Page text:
WSVN — It was on this day 10 years ago that thousands of New Orleans residents made the decision to ignore evacuation orders. It was a decision that cost them and their pets dearly. Investigative reporter Carmel Cafiero reports on what happened then and how it impacts us now.  

As we mark the 10th anniversary of Hurricane Katrina, it’s worth a look back on the tragedy and the heartbreak for people and their pets.

Mark Martin: "You can still hear some of them crying in the houses."

7News was there as starving and traumatized pets were being saved weeks after the storm passed. They had been left by owners expecting a quick return.

Nefretti: "I feel awful that they were left in the house all that time, but we were expecting to be back home within two days of the storm."

Dogs and puppies left in schools out of desperation were shot and killed despite pleas from owners scrawled on classroom walls that they be saved. Among them, Angel Girl.

John Bozes: "She was all I had. She was all I had."

At the time, emergency responders saved people, not pets.

Fay Bourg: "I have nothing. No car, no home."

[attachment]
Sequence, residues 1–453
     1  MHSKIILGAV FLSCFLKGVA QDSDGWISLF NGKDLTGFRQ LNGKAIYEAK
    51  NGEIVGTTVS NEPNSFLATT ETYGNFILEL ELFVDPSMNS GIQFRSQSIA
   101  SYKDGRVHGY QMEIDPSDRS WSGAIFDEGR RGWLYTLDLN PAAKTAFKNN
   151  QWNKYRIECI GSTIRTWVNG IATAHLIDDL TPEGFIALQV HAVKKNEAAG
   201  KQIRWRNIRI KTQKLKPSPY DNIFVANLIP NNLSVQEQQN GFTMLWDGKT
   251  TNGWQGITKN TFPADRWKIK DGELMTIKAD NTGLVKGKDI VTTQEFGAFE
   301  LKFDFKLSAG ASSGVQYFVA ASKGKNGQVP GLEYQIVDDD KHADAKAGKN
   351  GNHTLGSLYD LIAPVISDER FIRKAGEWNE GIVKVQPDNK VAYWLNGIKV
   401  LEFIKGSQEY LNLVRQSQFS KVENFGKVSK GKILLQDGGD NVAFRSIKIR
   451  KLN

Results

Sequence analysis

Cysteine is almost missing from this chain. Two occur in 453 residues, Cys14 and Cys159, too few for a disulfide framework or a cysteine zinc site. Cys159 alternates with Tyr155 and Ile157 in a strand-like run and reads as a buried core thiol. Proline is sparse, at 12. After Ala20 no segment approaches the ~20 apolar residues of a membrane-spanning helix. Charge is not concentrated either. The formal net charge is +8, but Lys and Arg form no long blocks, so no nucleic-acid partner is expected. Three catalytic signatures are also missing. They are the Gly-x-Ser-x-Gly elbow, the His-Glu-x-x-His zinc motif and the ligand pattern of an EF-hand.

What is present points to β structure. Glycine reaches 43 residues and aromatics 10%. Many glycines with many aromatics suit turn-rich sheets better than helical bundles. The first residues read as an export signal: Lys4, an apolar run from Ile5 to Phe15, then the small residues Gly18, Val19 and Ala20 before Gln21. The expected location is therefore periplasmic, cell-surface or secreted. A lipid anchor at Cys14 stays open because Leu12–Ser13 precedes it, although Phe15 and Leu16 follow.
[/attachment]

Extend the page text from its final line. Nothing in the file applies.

Fay Bourg says she and her dog Hunter were saved from rising water, but her rescuers threw her dog out of the boat. She tried to go in after him.

Fay Bourg: "I jumped and he grabbed me. My foot hit the water and he pulled me back in the boat, handcuffed me."

Fay says the last time she saw Hunter, he was desperately paddling behind the boat, but unable to keep up.

Thanks to the efforts of volunteers from across the country, many pets lost during the storm were reunited with their owners. Others were put up for adoption, but some new owners did not want to give the pets back.

Fay Bourg: "I can’t even talk about him."

A California couple adopted Fay Bourg’s dog and refused to return him.

Carmel Cafiero: "And how important is having him back to putting your life together?"

Fay Bourg: "Very important. I just feel like I’m so lost without him."

After a year of trying to get Hunter back, Fay committed suicide. Other cases had happier endings — eventually.

Pam Bondi, then a prosecutor, now Florida’s Attorney General, at first refused to return Tank.

Pam Bondi: "I promised I would never let anything bad happen to him again."

But she later gave the St. Bernard back to the family who had lost him in the storm.

Carmel Cafiero: "Today, our pets have protection from being thrown out of a boat. A law passed after Katrina requires pets and service animals to be part of evacuations in the event of a disaster."

The storm also bought home the need to ID our pets with microchips and tags. And, in the event of an evacuation, we need to have a plan for pet-friendly hotels or shelters.

After Katrina, we are all far more aware of the need to protect all the members of our families. Carmel Cafiero, 7News.

Miami-Dade: 305-627-CLUE
Broward: 954-921-CLUE
You can also send a tweet to @carmelonthecase

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